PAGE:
Since we started Elements with just a single language (Oxygene) and a single platform (.NET) back in 2004, users have begged us to add support for creating CPU-native Windows executables, as well. Island offers that, and adds native Linux and Android NDK support to the mix, as well.

No matter what language you choose, you're able to create native apps and libraries for Windows (32 and 64-bit Intel) and Linux (64-bit Intel and ARM). You have full access to the platform's native C-level APIs such as the "Win32" API on Windows, and glibc on Linux, and you can link to any existing libraries by importing their C headers.

Island also comes with its own minimal RTL and basic class library that gives you an object system, native String and collection types, and more.

“Island” is our platform of choice for creating small Windows and Linux utilities and server apps, and to implement highly-efficient bits of code to be embedded in .NET based Windows apps.

Read more about Island or browse the Docs.

Development Environments

Oxygene provides you with two choices for your development environment, depending on whether you work on Windows or the Mac. And with Water, we have an exciting third option for Windows coming, later this year:

^^ Choose an IDE option above to learn more.

Fire: Your place to cook up great apps on Mac

If you develop on Mac, you will love Fire, our Mac IDE for Elements.

Three years in the making, we first introduced Fire in 2016, and it has instantly become a favorite among our users. With the latest Elements 9.1, Fire has gotten even better, and we're not stopping.

Fire was designed from the ground up to be a great Mac app, to be fast and lean, and to focus on letting you get your job done well. It is responsive, unobtrusive, yet vastly powerful with a sophisticated code editor, great debugger support and an innovative navigation model.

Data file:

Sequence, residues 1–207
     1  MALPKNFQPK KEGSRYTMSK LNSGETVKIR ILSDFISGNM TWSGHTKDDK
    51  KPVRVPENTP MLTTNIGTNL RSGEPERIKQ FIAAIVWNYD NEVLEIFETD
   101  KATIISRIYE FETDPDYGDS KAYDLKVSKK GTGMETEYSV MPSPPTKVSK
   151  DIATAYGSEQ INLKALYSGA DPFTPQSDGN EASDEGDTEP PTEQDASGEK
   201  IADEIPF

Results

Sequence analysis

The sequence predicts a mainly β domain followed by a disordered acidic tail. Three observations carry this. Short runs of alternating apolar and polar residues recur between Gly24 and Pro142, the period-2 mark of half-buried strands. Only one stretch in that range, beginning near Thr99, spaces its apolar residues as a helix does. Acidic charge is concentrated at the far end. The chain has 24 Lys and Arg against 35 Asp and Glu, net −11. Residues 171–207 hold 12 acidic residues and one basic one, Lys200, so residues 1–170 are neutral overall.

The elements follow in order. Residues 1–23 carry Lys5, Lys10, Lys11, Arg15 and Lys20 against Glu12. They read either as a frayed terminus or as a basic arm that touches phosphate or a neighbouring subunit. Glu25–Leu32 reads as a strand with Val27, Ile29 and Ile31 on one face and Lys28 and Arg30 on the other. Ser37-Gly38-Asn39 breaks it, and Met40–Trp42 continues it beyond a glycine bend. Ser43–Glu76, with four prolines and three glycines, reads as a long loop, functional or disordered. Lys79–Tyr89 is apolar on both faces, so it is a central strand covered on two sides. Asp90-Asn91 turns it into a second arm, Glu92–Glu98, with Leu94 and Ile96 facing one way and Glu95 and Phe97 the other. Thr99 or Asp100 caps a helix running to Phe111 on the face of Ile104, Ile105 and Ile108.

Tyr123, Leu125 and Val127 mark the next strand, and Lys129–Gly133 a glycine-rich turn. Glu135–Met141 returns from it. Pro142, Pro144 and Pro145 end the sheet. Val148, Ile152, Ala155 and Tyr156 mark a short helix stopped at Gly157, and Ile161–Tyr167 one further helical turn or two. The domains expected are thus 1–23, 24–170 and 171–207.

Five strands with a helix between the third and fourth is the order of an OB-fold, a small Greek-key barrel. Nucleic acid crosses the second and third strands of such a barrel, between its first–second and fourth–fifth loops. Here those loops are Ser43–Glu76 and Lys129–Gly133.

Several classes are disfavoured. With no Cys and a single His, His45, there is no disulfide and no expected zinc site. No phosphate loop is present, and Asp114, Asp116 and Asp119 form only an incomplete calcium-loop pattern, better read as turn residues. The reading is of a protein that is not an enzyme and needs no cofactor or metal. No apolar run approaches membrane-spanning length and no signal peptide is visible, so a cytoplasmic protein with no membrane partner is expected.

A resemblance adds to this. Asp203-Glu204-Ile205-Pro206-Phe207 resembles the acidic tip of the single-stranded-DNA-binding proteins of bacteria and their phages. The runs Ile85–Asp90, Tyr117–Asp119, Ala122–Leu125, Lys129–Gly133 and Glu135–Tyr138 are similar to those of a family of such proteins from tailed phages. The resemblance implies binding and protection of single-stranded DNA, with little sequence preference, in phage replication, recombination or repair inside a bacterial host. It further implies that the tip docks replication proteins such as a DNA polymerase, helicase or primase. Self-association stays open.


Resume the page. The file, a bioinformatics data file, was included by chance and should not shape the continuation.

Fire also supports development for all of the Elements platforms, including .NET, Java and native Windows and Linux apps, right from your Mac.

Read more about Fire.

Water: Our IDE for Windows — Now in Beta!

If you're a developer on Windows, we've got great news for you!

Later this year, everything that is great about Fire, our lean and mean IDE for the Mac, is coming to Windows in the form of Water.

Water is the essence of Fire, re-imagined for the Windows environment. It takes our work from Fire for re-thinking what a modern and productive IDE experience should look like, and applies it to Windows. It's not a simple "port" or a cross-platform IDE, it is Fire, truly re-designed around a Windows-first developer experience.

Just like Fire, Water supports development for all of the Elements platforms, including .NET, Java, Cocoa and native Windows and Linux apps, right from your Windows PC. And Water co-exists with Visual Studio, so you can work with the same projects in any of our three IDEs.

Read more about Water, its development process, and when it will be available.

Elements in Microsoft Visual Studio

If you develop mainly on Windows, Elements integrates into Visual Studio, the open IDE from Microsoft which provides a sophisticated and extensive developer experience, including visual designers for creating Windows GUI apps in WinForms and WPF, and for ASP.NET.

Elements comes with its own copy of Visual Studio 2015, so you don't need to own or purchase a separate license – but if you already own and use Visual Studio 2015 or 2017, say with Visual C#, Visual Basic or Visual C++, then Elements will integrate right into that copy.

Even on Windows and in Visual Studio, Elements supports development for all platforms. For debugging and testing Mac, iOS, tvOS or Island-based Linux apps, Elements will seamlessly connect to your Mac or Linux machine via our CrossBox technology.

Read more about Elements in Visual Studio.

Command Line

Whether on Mac, WIndows or even Linux, you can use your favorite external editor and Elements' command line build chain to work on and build your projects.

Elements 9 lets you use msbuild/xbuild or the standalone Elements.exe command line compiler from terminal, your automated build scripts, or even friggered from within your favorite text editor.

Currently in beta and shipping later with Elements 10, there is also ebuild, our new cross-platform opensource build chain that we're movig all Elements lagauges and platforms over to.

Read more about EBuild.

Love the idea of Oxygene, but prefer a different language?
Check out RemObjects C#, Swift or Iodine (Java)!